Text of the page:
You have to hand it to Fed Chairman Powell. He orchestrated unanimity among Federal Open Market Committee (FOMC) members at his first meeting overseeing the FOMC and he projected a calm, informed, and experienced voice at his first press conference discussing the FOMC's policy decision and projections.
We're calling it a Powell-Wow at the FOMC because the Fed chair had command of the show.
Time will change and that perspective with respect to the Fed chair could change over time, too, but he made a good first impression.
Something to See in PCE Inflation Forecast
The vote to raise the target range for the fed funds rate by 25 basis points to 1.50% to 1.75% was unanimous and it wasn't a surprise.
Similarly, it wasn't a surprise to see the Fed's central tendency projections for the change in real GDP increase, and the central tendency projections for the unemployment rate decrease, for 2018, 2019, and 2020.
The only eyebrow-raising projections were for PCE inflation and core PCE inflation over the same period.
The inflation forecasts were barely changed even though the median estimate for the unemployment rate in 2019 (3.6%) and 2020 (3.6%) is nearly a full percentage point below the Fed's longer-run forecast of 4.5%. In fact, the median estimate for PCE inflation in 2019 (2.0%) was unchanged from December while the median estimate for PCE inflation in 2020 (2.1%) edged up only 0.1 percentage points.
When asked about the seeming disconnect, Mr. Powell acknowledged that the relationship between changes in slack and the unemployment rate don't appear as tight as before, which has caused a flattening of the Phillips Curve.
The Fed chair, however, was quick to remind reporters that there were a range of individual estimates provided by Fed members, implying that the median estimate can't be characterized as a catch-all view. He repeated that reminder when discussing other variables.
That disclaimer also applied to the Fed's interest rate projections.
The first line of sight for market participants was that the median estimate for 2018 continued to point to an expectation of three rate hikes this year and not four as some had feared.
The second line of sight was the slightly higher median interest rate projection for 2019 (from 2.7% to 2.9%) and 2020 (from 3.1% to 3.4%).
Mr. Powell quickly tempered any undue concern about those changes when he calmly reminded everyone that all forecasts are subject to change based on the evolution of the economy. They could go up or down. That is, the path of interest rate hikes could be a little less gradual, he said, or a little more gradual based on how future economic conditions unfold.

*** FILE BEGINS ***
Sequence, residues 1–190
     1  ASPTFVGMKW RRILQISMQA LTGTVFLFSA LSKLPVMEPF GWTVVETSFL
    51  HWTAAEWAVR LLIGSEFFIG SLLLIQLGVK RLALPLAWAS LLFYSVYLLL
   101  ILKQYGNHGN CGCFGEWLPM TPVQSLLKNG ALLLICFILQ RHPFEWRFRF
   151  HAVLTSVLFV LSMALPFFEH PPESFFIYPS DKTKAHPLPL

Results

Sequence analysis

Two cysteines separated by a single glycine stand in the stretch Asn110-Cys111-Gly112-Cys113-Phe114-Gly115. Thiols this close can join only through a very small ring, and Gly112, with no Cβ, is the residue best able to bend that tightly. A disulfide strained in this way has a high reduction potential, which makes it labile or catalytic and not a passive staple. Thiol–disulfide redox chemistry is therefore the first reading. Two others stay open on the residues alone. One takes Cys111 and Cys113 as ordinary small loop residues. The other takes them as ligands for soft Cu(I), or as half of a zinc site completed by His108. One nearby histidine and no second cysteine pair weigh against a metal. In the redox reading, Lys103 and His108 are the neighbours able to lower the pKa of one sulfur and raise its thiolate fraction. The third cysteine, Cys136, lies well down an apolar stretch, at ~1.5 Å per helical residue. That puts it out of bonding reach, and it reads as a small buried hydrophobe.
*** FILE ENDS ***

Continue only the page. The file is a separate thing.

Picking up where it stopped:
That might sound like a cop-out explanation, but it is a common-sense perspective from the world's most influential central banker who understands the future is unknown -- ergo, it is uncertain, making all fallible forecasts today subject to change.
On a related note, he was asked several times at the press conference if committee members discussed trade issues (i.e. tariffs) and their potential impact on growth. He said a number of members brought up the tariff discussions, but that there was no thought that changes in trade policy should have any effect on the current outlook.
At this stage, Mr. Powell added, tariffs were only identified as a low-profile risk that has become a more prominent risk to the outlook.
Another interesting statement made by Mr. Powell is that he is surprised wage growth hasn't been stronger given the low unemployment rate. The Fed will know the labor market is getting tight, he added, when there is stronger wage growth.
What It All Means
For now, the Fed is aiming to walk a "middle ground" with its interest rate policy to sustain the economic expansion.
Hence, the Fed is anticipating a gradual pace of increases in the fed funds rate to make sure it doesn't do too much, too soon, to choke off the expansion or too little along the way to necessitate aggressive rate hikes later.
That approach is not dissimilar from the one pursued by former Fed Chair Yellen. The difference today is that Fed Chair Powell sold it better.
Considering the stock market traded lower after the Fed decision, it is easy to think the stock market wasn't buying what the Fed Chair was selling. That would be a misplaced assumption.
The stock market is in a funk because it is anxious about trade wars unfolding and its most influential leadership group -- the information technology sector -- failing to lead.
The stock market has a sense, too, that the Federal Reserve will likely raise interest rates again relatively soon, barring some shock to the economy and/or financial system.
That's the bias embedded in the Fed's forecasts, and even with the Federal Reserve walking a middle ground, rising rates will be a headwind for a stock market trading at a full valuation.
(Editor's Note: The next installment of The Big Picture will be posted the week of April 2)